Yesterday’s post argued that continuity of decoherence is no bar to accepting it as an explanation for our experienced universe, insofar as it is a physicist’s responsibility to explain it.  This is a good thing, because the equations say decoherence is continuous, and the equations get the final word.

Now let us consider the continuity of decoherence in greater detail…

Continue reading "Decoherence is Pointless" »

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Charm Beats Accuracy

Freakonomics:

A seven-month study of weather forecasting at Kansas City television stations was conducted over 220 days … One [station manager] said, "There’s not an evaluation of accuracy in hiring meteorologists. Presentation takes precedence over accuracy." And when discussing accuracy (or the lack thereof) of a seven-day forecast, another station manager stated, "All viewers care about is the next day. Accuracy is not a big deal to viewers." …

The data show that stations are so consumed with ratings that accuracy in weather predictions takes an irrelevant back seat to snappy patter and charm. When directly asked if accuracy mattered in forecasting, every station manager and meteorologist said it did. But when asked what steps they had taken to measure and ensure accuracy, they were without answers.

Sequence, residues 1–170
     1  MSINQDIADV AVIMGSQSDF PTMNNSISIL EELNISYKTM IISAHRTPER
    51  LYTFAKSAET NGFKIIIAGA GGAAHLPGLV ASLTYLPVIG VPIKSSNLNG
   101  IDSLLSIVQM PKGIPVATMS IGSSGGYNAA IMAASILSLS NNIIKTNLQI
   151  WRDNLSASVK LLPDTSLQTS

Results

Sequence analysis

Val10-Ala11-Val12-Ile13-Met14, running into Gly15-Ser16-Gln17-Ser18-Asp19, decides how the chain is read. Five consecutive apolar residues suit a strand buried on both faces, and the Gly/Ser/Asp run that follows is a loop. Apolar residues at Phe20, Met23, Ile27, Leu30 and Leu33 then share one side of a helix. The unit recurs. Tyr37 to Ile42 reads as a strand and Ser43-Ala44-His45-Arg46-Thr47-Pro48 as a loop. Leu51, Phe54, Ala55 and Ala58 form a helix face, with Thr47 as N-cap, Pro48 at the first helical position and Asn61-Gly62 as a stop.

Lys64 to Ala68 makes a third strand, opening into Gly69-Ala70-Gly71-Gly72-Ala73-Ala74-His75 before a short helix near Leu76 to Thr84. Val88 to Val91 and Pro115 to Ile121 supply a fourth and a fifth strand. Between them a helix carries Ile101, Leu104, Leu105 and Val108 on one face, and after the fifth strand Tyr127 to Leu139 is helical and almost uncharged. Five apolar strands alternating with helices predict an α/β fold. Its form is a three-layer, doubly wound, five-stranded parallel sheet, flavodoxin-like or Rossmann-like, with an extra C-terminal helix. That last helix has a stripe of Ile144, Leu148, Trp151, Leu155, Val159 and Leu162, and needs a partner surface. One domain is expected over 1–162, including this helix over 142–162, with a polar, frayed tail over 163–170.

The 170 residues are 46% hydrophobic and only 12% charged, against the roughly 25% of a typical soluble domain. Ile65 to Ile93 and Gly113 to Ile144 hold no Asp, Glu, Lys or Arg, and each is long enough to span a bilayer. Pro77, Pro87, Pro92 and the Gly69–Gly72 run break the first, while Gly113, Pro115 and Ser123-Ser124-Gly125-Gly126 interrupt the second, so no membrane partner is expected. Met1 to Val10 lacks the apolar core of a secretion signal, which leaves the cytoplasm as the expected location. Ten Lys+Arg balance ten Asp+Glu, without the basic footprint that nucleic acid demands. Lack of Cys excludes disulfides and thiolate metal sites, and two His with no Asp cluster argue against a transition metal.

No meteorologist or television station kept records of what they predicted, nor compared their predictions to actual results over a long term. No meteorologist posts their accuracy statistics on their résumé. No station managers use accuracy statistics in the hiring or evaluation of their meteorologists.  Instead, the focus is on charm, charisma, and presentation. Their words say they care about accuracy, but their actions say they do not.

Why should we expect this to be any better for other kinds of news?  If viewers can watch the same person day after day making predictions about something they care about and personally verify day after day, and still not care much about accuracy relative to looks and charm, how much can we really expect people to care about accuracy of news on unrest in Thailand, the credit crisis, or a new medical study?  Can we really expect people to track the accuracy of advice from their doctors, lawyers, or interior decorators, relative to their looks, charm, and general impressiveness?

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The Conscious Sorites Paradox

This post is part of the Quantum Physics Sequence.
Followup toOn Being Decoherent